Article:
I want to be clear that I am not romanticizing traditional methods—some menstruators certainly clamor for—and deserve—materials that work better in their particular contexts. And no doubt, bringing attention to menstrual materials is a way to force a discussion that has historically been silenced. Sure enough, products can serve as a foot in the door. But I am concerned about what happens once we get inside the door. When we focus on products, we often (and perhaps ironically) lose sight of stigma. Menstrual products after all, are tools, what Sharra Vostral calls “technologies of passing” that work to hide evidence of menstruation at the same time they meet a real need. Our current product obsession can eclipse the sociocultural dimensions of menstruation, namely the damaging effects of the assumption that menstruation is disgusting and a source of shame. If we are going to really leverage recent interest in menstruation, we must be mindful that menstruators need more than something to bleed on, they also need information and support.
While it is true that many organizations are pairing products with education (and some do policy work and infrastructural work, too), my own (forthcoming) research reveals that educational programming is often very limited and an adjunct to product manufacture and/or distribution. Programs are typically directed only at girls, limited to a one-off event, and often led by educators who are inadequately trained and supported to handle the sensitive topics that discussion of menstruation inevitably stirs up (sexuality, consent, dating violence, and more). In short, there is lots of room for improvement in this area, and yet, I think it is the most important work we can do. Because, at the end of the day, cups, pads, tampons, panties and whatever innovation is in beta testing as I write, are still just tools that serve to keep menstruation hidden. Even in an ideal world where every menstruator has unrestricted access to products, menstrual stigma still lurks, ready to pounce at the moment of that inevitable leak.
A Challenge to Funders: Priotize the Fight to End Menstrual Stigma through Education
In the menstrual health sub-sector, we typically think of innovation only when we consider menstrual technologies. What if we redoubled our efforts to innovate ways of resisting stigma by normalizing the menstrual cycle? If menstrual champions can recalibrate and channel more resources to develop educational interventions, we will slowly erode the stigma that makes menstruation a burden. There are some good models. Consider this health magazine for Kenyan girls as well as these puberty health books for both boys and girls in a number of countries. This UNICEF-led program underway in Indonesia is especially important because it motivates boys to shift from being bullies to being allies. How can we harness our creativity to do more? To engage teachers? Parents? Religious leaders? How can we capture and sustain the attention of everyone in a girls’ orbit to build a durable web of support?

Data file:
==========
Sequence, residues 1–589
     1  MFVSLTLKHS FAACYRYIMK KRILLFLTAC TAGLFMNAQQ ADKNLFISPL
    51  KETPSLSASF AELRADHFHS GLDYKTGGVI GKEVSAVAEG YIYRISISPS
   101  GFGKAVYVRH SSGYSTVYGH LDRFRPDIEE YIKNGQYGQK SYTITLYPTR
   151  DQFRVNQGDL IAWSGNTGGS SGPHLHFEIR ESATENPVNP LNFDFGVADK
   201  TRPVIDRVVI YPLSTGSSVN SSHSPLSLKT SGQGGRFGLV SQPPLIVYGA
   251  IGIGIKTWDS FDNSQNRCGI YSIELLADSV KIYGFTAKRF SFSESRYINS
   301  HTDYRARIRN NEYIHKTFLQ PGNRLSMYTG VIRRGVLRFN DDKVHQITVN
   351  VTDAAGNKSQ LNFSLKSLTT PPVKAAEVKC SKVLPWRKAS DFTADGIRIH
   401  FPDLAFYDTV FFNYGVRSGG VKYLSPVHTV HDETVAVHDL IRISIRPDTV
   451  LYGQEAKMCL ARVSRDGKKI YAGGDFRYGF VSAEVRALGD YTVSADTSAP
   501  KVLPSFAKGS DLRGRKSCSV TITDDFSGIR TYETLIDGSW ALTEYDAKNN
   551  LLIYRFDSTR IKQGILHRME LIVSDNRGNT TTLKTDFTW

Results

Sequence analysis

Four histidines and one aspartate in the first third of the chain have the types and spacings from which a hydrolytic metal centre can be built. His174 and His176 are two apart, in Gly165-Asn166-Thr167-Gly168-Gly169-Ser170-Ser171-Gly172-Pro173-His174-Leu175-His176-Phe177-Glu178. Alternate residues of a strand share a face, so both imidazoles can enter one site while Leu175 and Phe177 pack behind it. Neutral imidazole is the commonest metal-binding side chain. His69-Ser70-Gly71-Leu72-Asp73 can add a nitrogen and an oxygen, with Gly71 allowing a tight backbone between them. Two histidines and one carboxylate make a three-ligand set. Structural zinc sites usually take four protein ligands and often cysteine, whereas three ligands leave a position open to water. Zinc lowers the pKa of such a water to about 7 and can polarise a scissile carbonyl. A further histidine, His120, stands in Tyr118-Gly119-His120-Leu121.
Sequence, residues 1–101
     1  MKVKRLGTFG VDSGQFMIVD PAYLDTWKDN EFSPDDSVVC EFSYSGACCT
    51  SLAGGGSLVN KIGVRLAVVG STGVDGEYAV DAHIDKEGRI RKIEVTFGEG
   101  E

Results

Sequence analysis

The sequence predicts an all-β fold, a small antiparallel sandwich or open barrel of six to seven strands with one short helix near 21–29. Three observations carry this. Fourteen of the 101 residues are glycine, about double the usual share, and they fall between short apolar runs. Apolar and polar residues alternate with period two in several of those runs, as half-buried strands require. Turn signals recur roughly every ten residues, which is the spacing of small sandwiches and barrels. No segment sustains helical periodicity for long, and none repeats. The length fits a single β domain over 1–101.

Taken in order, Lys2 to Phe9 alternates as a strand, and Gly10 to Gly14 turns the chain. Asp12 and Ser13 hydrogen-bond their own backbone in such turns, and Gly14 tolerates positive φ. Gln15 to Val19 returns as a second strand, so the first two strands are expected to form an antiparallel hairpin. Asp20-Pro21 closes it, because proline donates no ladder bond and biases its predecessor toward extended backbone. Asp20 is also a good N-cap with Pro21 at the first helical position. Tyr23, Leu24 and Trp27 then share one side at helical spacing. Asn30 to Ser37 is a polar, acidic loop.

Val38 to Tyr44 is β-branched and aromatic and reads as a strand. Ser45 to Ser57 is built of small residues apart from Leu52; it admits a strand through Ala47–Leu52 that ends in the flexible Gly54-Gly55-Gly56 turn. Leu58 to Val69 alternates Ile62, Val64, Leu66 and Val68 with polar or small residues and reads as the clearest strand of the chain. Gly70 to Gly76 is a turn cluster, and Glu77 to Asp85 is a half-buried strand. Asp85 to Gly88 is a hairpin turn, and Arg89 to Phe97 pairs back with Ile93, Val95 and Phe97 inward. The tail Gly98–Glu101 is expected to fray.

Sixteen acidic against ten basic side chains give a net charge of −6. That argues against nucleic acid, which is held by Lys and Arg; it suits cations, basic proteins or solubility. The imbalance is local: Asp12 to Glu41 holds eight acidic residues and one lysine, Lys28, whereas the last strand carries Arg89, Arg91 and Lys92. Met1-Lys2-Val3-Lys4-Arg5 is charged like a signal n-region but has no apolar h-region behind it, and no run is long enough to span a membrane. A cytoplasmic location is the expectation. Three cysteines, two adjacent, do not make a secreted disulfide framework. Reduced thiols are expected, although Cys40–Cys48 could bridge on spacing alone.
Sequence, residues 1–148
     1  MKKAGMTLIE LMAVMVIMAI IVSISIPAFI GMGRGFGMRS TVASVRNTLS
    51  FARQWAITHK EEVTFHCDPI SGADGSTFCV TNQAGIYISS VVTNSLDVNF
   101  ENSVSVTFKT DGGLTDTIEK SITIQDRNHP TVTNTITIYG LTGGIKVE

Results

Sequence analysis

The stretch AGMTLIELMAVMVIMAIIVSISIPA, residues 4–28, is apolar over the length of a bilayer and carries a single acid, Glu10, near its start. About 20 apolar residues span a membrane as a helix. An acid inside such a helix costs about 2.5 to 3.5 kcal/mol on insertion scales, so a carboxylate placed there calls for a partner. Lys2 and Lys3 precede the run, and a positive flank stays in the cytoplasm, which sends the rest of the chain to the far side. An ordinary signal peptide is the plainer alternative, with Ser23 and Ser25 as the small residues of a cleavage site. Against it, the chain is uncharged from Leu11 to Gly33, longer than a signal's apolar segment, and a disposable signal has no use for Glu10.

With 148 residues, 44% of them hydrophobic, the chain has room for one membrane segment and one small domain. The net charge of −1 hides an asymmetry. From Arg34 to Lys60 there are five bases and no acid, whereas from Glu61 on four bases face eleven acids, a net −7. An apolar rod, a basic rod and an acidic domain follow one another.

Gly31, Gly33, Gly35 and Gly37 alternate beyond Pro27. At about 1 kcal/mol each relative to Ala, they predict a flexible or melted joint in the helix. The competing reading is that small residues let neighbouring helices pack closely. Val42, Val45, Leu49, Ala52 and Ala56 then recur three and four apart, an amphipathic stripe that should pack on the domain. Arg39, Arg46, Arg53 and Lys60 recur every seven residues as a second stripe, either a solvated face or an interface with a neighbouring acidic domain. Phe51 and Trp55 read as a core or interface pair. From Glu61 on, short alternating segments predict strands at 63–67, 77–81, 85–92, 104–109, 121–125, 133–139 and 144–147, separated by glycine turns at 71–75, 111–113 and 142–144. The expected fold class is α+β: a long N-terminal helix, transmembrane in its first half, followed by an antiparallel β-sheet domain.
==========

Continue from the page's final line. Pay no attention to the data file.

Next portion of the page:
Do we need materials to help us care for our menstruating bodies? Of course, we do, but this focus cannot overshadow the deeper need for stigma busting through education. When funders consider underwriting a pad giveaway scheme or the establishment of a pad-making micro business, why not insist on high quality educational initiatives alongside this work and provide the resources to make it happen? If the tremendous energy going on in this space were re-directed toward developing high impact creative, interactive, and culturally-responsive curricula and pedagogies, we could truly change the conversation, and thus, the experience.
This burgeoning menstrual movement is at a crossroads. Will it reduce menstruation to a mess to be tidied away, or will it seize this chance to reframe the menstrual cycle as a vital marker of health and promote the teaching of menstrual literacy to promote well-being, self-awareness and gender equality?
It is up to us. We can choose to cede the movement to the product makers, or we can work toward substantive social change that will make menstrual stigma history.
Chris Bobel is Associate Professor of Women’s, Gender and Sexuality Studies at the University of Massachusetts Boston and past president of the Society for Menstrual Cycle Research. Her other books include New Blood: Third Wave Feminism and the Politics of Menstruation and Embodied Resistance: Challenging the Norms, Breaking the Rules.